“Breaking Records: The Discovery of the World’s Largest Water Lily” np

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Did you know that the Royal Botanic Gardens in London has an enormous water lily? It’s called Victoria boliviana and its leaves can grow up to 10 feet wide! After spending 177 years in the gardens’ herbarium, researchers have recently discovered that it actually belongs to a brand new species. Amazing, right?

In a recent announcement from the gardens in Kew located in the western part of London, it has been revealed that the Victoria boliviana is the largest water lily species known to exist in the world. The leaves of this species can grow up to almost 10 feet wide when found in their natural habitat. However, the La Rinconada Gardens in Bolivia have the most giant specimen, with leaves reaching a width of up to 10.5 feet.

One of the species in the Victoria genus, the giant water lily, has a remarkable leaf that can hold up to 176 pounds without breaking.

According to a news release, Alex Monro, a taxonomist, systematist, and field botanist at Kew, expressed his excitement about identifying a new species in the genus Victoria. The discovery of V. boliviana is a significant achievement in botany, as it helps in properly identifying and documenting plant diversity. This knowledge is essential in protecting and sustainably benefiting from plant species. The new species was commonly and mistakenly identified as Victoria amazonica, one of the two previously known giant water lilies. Due to the loss of live specimens of the original species and the scarcity of biological collections of giant water lilies, there were disagreements over the number of recognized species and incorrect naming of species throughout the 19th and 20th centuries. The study aimed to improve knowledge of Victoria water lilies.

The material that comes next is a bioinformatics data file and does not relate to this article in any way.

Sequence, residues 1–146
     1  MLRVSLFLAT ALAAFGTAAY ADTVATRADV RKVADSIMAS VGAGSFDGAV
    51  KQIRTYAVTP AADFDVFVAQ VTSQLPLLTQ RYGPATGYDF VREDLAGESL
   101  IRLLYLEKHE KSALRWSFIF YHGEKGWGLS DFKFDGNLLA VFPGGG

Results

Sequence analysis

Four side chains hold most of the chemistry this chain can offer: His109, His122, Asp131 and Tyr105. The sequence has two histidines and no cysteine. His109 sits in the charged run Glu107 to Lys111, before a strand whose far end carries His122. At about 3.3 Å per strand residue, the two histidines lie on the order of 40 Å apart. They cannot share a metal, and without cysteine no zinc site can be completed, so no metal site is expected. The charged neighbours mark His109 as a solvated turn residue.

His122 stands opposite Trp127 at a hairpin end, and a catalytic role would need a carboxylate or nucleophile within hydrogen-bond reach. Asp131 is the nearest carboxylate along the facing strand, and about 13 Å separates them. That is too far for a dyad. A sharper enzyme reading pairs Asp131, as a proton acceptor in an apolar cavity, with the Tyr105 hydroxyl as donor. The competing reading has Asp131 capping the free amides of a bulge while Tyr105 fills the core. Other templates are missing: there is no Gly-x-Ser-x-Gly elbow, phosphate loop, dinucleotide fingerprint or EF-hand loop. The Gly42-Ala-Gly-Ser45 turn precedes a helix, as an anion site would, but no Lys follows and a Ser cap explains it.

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A group of experts led by Carlos Magdalena from Kew’s scientific and botanical research team, along with Lucy Smith, a botanical artist, and Natalia Przelomska, a biodiversity genomics researcher, have made a remarkable discovery. Working with partners from the National Herbarium of Bolivia, Santa Cruz de La Sierra Botanic Garden, and La Rinconada Garden, they have discovered a giant water lily species that has not been seen in over a century. To achieve this breakthrough, the team compiled all available information from historical records, horticulture, and geography and used DNA analysis to assemble a dataset of species characteristics. Kew is the only place globally where all three species of Victoria grow together, facilitating the comparison of these species in a way that would not be possible in the wild. Magdalena believes this was crucial in their discovery.

The Kew Gardens has been cultivating specimens of Victoria boliviana for 177 long years. According to a study, this species is genetically distinct from the other two but closely related to V. cruziana. The researchers believe that these two species might have separated around one million years ago. Magdalena, a botanist who had been examining internet pictures of wild Victoria waterlilies for almost two decades, suspected the existence of a third species in 2006 after seeing a photo online. After officially naming the new species, he considers it his biggest career achievement at Kew. Visitors can view the giant water lily in the Waterlily House and the Princess of Wales Conservatory at Kew Gardens.

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